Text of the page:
Covenant Foundation Awards YU Museum Grant for Educational Partnership with Lincoln Center Institute
On the basis of an innovative arts-based educational program, Yeshiva University Museum is the recipient of a prestigious Signature Grant from The Covenant Foundation, which develops and supports Jewish education and community-building projects and programs in the U.S.
Yeshiva University Museum will receive $135,900 over three years to expand Re-Imagining Jewish Education through Art, an initiative that uses the arts and critical inquiry to enhance and deepen learning and appreciation of Jewish texts and of art.
Through the program, the museum adapts an arts-based educational approach and philosophy pioneered by the Lincoln Center Institute for the Arts in Education, and re-conceives and applies it in Jewish schools. Re-Imagining is designed to be multi-dimensional: it enriches learning of traditional Jewish texts and allows for appreciation of their beauty and aesthetic character, and, at the same, encourages the use of textual approaches—careful reading and analysis, reverence and spiritual value, historical context and awareness—to develop and deepen an appreciation of art.
The museum will partner with LCI to train teachers and educators in the approach, and will run the program in Jewish day schools across the denominational spectrum in and outside of New York. The grant enables further development of the museum-school partnerships and is aimed toward enriching the culture of text study and of arts-based learning on a national level.
Re-Imagining was launched in 2010-11 as a pilot program through an Ignition Grant from the Covenant Foundation. The YU Museum, which implemented the program in three Jewish High Schools—Heschel High School, SAR High School and Marsha Stern Talmudical Academy/Yeshiva University High School for Boys, and one youth education group, Kings Bay YM-YWHA—will expand the initiative to partner with at least six Jewish Day Schools – middle and high schools – and, in the second year, will work with at least one school outside the New York area.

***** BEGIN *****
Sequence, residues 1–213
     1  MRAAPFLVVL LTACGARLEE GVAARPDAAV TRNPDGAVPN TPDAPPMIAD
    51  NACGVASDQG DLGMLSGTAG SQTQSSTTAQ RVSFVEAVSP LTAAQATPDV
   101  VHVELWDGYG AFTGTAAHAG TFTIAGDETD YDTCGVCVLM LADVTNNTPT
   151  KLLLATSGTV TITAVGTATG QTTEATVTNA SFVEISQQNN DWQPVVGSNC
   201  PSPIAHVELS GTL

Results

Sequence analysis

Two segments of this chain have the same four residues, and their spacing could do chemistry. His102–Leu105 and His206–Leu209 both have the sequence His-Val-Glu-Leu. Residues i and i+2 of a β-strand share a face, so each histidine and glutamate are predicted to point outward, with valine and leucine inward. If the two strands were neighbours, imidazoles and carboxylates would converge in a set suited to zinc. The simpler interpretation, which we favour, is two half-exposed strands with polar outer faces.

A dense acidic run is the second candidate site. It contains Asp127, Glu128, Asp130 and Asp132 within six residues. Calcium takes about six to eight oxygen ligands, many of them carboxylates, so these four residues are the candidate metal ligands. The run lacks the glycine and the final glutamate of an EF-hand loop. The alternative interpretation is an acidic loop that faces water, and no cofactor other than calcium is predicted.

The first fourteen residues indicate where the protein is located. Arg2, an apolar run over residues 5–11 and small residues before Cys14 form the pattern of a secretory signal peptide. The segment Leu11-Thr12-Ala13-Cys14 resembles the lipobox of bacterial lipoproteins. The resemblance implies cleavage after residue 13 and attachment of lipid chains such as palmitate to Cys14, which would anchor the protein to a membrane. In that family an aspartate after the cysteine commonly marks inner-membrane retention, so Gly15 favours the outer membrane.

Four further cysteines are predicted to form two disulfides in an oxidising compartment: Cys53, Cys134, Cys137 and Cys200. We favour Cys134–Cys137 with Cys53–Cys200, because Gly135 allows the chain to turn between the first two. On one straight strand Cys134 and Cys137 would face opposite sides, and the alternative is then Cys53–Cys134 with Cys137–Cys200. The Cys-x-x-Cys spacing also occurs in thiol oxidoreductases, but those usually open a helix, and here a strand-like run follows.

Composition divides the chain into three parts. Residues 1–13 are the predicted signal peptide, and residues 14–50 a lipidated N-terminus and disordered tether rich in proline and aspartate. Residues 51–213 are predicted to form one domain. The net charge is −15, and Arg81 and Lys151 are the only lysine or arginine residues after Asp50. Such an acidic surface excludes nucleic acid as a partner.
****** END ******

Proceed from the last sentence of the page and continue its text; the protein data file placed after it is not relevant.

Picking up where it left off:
“We are thrilled to be able to continue and expand this program,” said Dr. Jacob Wisse, director of Yeshiva University Museum, “and grateful to the Covenant Foundation for making it possible and for being so supportive of the role of museums in strengthening Jewish education through the arts and enriching the learning experience of students.”
Yeshiva University Museum is dedicated to the presentation and interpretation of the artistic and cultural achievements of Jewish life. Founded in 1973, the museum is distinguished by its wide-ranging and intellectually rigorous exhibitions and, as the cultural arm of Yeshiva University, by its strong educational mission.
The Lincoln Center Institute trains educators within selected schools in “creative aesthetic education,” an acclaimed teaching methodology it created. Yeshiva University Museum is adapting the Institute’s model to teach Jewish texts in Jewish educational settings. The museum’s team instructs educators on the new approach as well.
Re-Imagining Jewish Education through Art will be led by Gabriel Goldstein, project director and an independent curator, and Ilana Benson, museum educator at Yeshiva University Museum. According to Benson, the program enables educators to implement a new approach that honors the aesthetic power and beauty of traditional Jewish texts.
“We are enthusiastic about this new grant to Yeshiva University Museum, with its focus on Jewish education and its strong public programming, exhibitions and partnerships with schools and other educational institutions,” said Harlene Winnick Appelman, executive director of The Covenant Foundation. “We look forward to seeing this unique initiative with Lincoln Center Institute develop and grow, and present an exciting new model of arts-based Jewish education.”
This spring, Yeshiva University Museum will announce the schools with which they will be partnering during the first academic year of their Re-Imagining Jewish Education through Art in 2013-14.